The exhibition – whose principal site is the vast, partially abandoned industrial port of Andrejsala, described by Lamarche-Vadel as ‘between a ruin and a renovation site’ – openly casts absence and adaptation as central themes. In DER HINTERGRUND SEI ICH, TIERE IM EIGENEN ANDEREN ZUSAMMENHANG MIT ARCHITEKTUR (‘the background be me, animals in their own different context with architecture’) by Heinz Frank, who died less than a week after RIBOCA2’s opening, photocopies take the place of original architectural drawings from the late 1970s to the early ’90s. The only object included from Dominika Olszowy’s installation Yawn of a Sleepy Heart (2020) is a single stained-glass window, with the rest instead being presented at Raster Gallery in Warsaw where Olszowy lives. And three out of four groups of plinths in Oliver Beer’s Simply Rights/Unattained Goals (2019–20), meant to bear items belonging to women in the artist’s family, stand empty.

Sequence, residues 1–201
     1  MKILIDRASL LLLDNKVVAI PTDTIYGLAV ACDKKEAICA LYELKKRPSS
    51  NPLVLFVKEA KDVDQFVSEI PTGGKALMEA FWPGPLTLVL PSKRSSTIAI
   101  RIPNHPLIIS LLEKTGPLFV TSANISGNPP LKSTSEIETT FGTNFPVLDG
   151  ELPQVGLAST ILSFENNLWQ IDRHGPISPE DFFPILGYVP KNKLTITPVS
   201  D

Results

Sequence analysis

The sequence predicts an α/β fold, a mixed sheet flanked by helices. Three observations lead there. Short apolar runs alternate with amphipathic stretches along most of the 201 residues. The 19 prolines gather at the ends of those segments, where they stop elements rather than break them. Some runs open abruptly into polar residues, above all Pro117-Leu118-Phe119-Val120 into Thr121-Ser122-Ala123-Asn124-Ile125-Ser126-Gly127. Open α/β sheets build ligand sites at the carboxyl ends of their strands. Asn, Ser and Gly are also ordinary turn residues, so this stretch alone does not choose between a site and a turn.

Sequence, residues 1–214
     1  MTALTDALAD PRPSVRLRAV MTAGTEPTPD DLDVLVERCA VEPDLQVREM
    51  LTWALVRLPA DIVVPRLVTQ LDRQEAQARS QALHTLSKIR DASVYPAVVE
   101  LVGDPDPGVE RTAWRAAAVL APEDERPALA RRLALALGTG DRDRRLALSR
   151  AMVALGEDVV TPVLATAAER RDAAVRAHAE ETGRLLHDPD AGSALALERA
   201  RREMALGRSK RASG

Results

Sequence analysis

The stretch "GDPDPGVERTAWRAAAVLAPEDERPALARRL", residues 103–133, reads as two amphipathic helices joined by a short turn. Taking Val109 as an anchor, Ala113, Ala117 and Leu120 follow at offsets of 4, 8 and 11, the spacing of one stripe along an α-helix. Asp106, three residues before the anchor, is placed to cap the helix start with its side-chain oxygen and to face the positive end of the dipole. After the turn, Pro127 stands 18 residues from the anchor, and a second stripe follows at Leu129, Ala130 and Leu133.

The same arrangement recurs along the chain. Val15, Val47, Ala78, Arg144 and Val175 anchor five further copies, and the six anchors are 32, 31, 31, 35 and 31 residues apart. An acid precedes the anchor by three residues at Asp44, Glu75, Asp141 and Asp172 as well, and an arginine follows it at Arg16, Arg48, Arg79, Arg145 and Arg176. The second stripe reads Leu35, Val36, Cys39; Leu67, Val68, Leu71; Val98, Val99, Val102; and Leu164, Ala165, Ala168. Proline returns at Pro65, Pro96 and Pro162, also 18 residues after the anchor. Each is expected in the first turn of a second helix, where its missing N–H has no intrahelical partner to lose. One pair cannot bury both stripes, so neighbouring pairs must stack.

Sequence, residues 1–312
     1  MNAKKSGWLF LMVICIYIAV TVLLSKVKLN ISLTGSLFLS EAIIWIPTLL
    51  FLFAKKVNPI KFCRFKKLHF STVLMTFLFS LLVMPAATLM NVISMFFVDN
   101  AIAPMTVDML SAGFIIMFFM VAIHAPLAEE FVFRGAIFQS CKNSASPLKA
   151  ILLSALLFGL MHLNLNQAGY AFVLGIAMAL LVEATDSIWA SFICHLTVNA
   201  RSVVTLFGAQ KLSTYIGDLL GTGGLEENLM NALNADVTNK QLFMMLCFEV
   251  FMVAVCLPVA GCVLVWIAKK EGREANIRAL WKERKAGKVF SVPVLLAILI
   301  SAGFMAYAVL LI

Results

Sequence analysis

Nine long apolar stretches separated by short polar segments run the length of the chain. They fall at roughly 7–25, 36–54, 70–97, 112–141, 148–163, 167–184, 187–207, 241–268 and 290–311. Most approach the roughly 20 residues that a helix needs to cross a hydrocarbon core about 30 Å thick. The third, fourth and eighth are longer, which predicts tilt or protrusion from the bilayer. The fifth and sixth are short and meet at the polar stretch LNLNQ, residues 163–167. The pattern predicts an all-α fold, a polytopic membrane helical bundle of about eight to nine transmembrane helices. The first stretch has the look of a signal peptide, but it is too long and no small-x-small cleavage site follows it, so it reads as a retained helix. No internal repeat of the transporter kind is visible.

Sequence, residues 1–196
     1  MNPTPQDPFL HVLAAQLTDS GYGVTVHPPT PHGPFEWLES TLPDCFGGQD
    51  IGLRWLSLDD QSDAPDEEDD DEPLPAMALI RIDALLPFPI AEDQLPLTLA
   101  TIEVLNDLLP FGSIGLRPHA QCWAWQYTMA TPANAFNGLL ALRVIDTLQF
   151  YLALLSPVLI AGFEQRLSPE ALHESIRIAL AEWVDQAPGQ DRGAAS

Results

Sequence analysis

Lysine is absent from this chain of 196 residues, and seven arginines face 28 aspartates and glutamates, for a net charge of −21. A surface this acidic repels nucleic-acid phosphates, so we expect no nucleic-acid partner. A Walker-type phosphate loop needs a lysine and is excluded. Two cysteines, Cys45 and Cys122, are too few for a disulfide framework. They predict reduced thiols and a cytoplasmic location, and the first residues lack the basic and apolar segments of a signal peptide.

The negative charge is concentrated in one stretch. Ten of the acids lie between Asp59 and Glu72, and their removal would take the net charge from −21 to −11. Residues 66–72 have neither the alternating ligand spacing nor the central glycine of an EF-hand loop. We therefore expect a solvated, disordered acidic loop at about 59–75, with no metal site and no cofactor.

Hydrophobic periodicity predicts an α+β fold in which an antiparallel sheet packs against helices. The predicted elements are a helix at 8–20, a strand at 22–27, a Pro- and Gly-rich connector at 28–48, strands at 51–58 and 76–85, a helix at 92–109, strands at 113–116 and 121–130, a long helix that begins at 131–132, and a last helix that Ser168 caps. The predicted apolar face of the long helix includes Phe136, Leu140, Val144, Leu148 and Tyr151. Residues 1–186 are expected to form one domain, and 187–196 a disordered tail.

Other adaptations deftly play into RIBOCA2’s original mission to create space for alternative visions and voices by introducing community participation into their artistic concepts. Due to the impossibility of transporting Ugo Rondinone’s neon artwork life time (2019) from Switzerland, a new version was produced in pine by local artists in Riga, while Paweł Althamer’s Draftsmen’s Congress (2020), a white-walled room in which members of the public were supposed to create their own drawings and paintings during the exhibition’s opening, is populated instead via online contributions. In the exhibition guide, the unrealised plans for each artwork are not omitted, but simply crossed out. This is indicative of what participating artist Anastasia Sosunova – whose contribution consists of a series of sculptural interventions in an abandoned paintball field – describes to me as ‘acceptance of the empty places in the exhibition which were created by these obstacles and cancellations, and not trying to fill them’.